House Democrats yesterday launched their own investigation into the Bush White House’s leak of CIA agent Valerie Plame’s identity.
Focused around a hearing set for Friday, March 16, the investigation seeks to breathe new life into a scandal that started to wind down after Tuesday’s conviction of former vice presidential chief of staff I. Lewis “Scooter” Libby on perjury charges.
The star witness of the hearing will be Plame herself, who will testify before the House Oversight and Government Reform Committee. Chairman Henry Waxman (D-Calif.) has also invited Special Counsel Patrick Fitzgerald to testify.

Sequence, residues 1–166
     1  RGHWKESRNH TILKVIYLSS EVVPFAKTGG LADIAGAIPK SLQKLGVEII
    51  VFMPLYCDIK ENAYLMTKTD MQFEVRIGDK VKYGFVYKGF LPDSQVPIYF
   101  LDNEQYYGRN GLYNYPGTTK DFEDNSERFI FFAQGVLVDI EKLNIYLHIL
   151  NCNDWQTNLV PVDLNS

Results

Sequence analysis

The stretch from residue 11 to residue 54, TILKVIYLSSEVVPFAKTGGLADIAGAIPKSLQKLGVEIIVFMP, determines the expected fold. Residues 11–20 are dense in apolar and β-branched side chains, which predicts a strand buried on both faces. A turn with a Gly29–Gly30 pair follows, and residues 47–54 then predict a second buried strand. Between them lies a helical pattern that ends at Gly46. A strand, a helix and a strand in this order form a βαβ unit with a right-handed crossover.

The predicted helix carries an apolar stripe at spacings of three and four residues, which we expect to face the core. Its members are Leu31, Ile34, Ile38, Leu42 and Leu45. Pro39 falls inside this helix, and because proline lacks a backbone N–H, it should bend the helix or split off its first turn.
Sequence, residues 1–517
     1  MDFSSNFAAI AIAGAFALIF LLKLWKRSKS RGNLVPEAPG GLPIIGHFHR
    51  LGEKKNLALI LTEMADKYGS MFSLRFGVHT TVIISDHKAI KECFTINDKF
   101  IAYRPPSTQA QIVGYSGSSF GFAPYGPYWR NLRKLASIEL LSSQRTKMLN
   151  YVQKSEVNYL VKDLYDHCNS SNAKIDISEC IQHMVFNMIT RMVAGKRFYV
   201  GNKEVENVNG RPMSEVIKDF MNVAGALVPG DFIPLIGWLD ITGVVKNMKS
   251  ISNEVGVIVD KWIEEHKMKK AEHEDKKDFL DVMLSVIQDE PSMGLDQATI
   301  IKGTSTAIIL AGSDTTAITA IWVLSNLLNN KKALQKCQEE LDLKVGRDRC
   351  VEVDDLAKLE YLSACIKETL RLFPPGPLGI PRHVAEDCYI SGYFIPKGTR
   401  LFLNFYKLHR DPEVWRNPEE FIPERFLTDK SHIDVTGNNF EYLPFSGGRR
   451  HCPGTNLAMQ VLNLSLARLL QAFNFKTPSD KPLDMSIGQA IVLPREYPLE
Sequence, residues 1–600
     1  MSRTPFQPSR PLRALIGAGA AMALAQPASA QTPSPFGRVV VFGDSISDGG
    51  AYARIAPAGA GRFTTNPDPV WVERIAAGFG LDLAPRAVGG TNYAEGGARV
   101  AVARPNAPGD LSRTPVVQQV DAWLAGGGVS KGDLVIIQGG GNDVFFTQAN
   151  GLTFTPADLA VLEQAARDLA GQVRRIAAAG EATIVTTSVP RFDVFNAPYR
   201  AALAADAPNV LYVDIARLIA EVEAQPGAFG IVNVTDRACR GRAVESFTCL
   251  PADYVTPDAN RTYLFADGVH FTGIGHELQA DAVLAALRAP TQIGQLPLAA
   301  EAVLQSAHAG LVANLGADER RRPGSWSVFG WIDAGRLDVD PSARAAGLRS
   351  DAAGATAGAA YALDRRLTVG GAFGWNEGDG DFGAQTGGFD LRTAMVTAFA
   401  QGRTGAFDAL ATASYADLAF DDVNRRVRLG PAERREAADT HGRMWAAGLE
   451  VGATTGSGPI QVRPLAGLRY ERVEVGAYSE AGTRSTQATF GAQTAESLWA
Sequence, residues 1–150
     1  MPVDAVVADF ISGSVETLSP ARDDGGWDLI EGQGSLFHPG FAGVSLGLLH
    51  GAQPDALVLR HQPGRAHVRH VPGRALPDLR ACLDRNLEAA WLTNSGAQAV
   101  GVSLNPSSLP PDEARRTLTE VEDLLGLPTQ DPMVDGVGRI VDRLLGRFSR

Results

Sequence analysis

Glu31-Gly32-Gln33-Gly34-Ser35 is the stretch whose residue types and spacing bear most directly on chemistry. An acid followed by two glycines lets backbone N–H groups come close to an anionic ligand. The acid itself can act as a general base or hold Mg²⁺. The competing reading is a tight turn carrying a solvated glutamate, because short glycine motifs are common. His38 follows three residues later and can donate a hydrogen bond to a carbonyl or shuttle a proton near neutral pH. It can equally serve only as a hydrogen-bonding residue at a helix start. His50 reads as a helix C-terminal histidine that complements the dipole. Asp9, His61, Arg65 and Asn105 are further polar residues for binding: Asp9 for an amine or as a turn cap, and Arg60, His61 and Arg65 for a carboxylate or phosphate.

“The identity of undercover CIA operatives is supposed to be one of the most closely guarded national security secrets,” Waxman wrote in a letter to Fitzgerald. “Yet the trial proceedings raise questions about whether senior White House officials, including the vice president and senior advisor to the President Karl Rove, complied with requirements governing the handling of classified information.”
Plame’s true identity was disclosed in 2003 by a Bush administration official. Administration critics have said the disclosure was an effort to punish her husband, who had accused the administration of distorting intelligence information on Iraq.